• I had just about decided writing was not something I could do because I was not good at grammar. Then I attended the Red Dirt Writing Conference in Oklahoma (Red Dirt where else) and attended a workshop by Charles W Sasser. Changed my entire thinking about writing. I too have 2 shelves in front of me full of craft help books. In my new office the book shelves containing the “help” books is behind me. Sasser’s book “Magic Steps to Writing Success” opened so many doors for me. Since I got it stays on my desk top. Pantsers could save a lot of $$$ if someone told us this before we drowned in Character building, plotting, and outlining. I tried all this but when I finished I was through with the story. I had no interest in writing the book. It was all figured out already. Charles Sasser showed me it was OK to just sit down and write.

    • YES! That’s exactly how I felt about it, too! If I know exactly what happens, all that’s left is the boring stuff. And I don’t want to slog through boring stuff. That’s what I retired from!

  • jamesr403

    Great, great post, Laura. Yes, Stephen King’s book is the best, far and away. I met Donald Maas at a conference years ago and spent some time with him, sharing a taxi and chatting later at the conference. He definitely gets it. My favorite writing book? The Writer’s Book (1950), a collection essays I read in college. Who’s in it? Oh, Pearl Buck, James Michener, Thomas Mann and others. Whoa, this is later. I pulled the book off the shelf and flipped it open. It opened to “Plot or Character — Which?” by Lajos Egri and I have written a note at the end of the essay –:”Plot is secondary to and formed by the characters of the individuals in the story.” 1968. Thanks, Laura. I would not have seen this otherwise.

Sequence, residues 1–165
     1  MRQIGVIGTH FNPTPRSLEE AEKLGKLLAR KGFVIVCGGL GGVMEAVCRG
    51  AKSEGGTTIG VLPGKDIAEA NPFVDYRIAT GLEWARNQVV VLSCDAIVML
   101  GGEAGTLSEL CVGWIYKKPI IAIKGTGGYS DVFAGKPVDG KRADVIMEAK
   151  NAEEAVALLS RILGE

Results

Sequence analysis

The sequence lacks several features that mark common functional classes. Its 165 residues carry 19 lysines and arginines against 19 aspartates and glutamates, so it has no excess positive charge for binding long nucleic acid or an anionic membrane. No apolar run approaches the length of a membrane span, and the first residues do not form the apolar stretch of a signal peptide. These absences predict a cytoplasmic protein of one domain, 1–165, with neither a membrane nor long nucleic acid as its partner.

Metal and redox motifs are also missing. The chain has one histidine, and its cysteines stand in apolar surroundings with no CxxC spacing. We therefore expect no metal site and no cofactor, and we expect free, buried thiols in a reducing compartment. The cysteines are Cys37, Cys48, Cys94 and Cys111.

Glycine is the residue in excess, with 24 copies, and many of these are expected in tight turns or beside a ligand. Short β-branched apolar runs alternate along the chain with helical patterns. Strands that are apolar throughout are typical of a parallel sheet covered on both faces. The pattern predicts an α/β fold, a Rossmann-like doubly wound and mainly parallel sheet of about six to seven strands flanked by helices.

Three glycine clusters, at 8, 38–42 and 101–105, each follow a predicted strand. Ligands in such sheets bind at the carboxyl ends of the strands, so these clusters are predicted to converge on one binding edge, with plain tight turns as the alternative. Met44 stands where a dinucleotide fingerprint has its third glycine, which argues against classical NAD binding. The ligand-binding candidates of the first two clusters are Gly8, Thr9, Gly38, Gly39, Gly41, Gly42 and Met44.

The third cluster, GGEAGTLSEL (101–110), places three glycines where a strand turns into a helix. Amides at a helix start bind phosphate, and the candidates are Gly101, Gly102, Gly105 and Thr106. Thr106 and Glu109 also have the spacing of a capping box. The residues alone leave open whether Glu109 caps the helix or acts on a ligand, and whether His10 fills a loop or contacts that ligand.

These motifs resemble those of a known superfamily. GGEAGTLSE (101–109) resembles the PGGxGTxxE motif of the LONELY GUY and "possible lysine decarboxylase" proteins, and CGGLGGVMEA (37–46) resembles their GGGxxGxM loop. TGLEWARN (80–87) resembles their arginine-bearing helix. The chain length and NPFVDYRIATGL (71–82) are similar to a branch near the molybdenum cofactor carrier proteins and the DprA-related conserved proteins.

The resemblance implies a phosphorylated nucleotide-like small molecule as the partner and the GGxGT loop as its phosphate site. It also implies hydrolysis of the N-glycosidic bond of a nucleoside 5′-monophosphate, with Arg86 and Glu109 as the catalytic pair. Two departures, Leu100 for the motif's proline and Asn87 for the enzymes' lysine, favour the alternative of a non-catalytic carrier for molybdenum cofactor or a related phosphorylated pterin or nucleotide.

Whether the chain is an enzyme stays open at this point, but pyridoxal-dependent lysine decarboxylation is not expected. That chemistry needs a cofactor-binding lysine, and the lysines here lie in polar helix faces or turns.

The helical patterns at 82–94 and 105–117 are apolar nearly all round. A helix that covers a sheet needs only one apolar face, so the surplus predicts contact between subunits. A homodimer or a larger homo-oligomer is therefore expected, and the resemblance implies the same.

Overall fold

• Okay, Laura. I’m a total beginner. I wrote my first draft of a novel in 2013 with the NaNoWriMo. I laughed, I cried and loved the whole process. But now I need to get serious. Without attending conferences or courses (personal responsibilities don’t allow it), how can I get started? There are so many books out there to help with the crafting and skill of writing. Is there a progression of reading I should undertake? Help!

  • Laura, all these books are wonderful and I have many of them. What I would add are the reference books like the Reverse Thesaurus or Angela & Becca’s Emotion Thesaurus. When you’re a pantser, just being able to look up the words you want is amazing.

    The book that I read early on that made the biggest impact on me was Jesse Lee Kercheval’s “Building Fiction.” It let me understand what all the parts of the story were about so I could internalize that and move on to the writing. Especially when you are writing short, it’s a great book for understanding how to get into and out of the story and what elements MUST be there.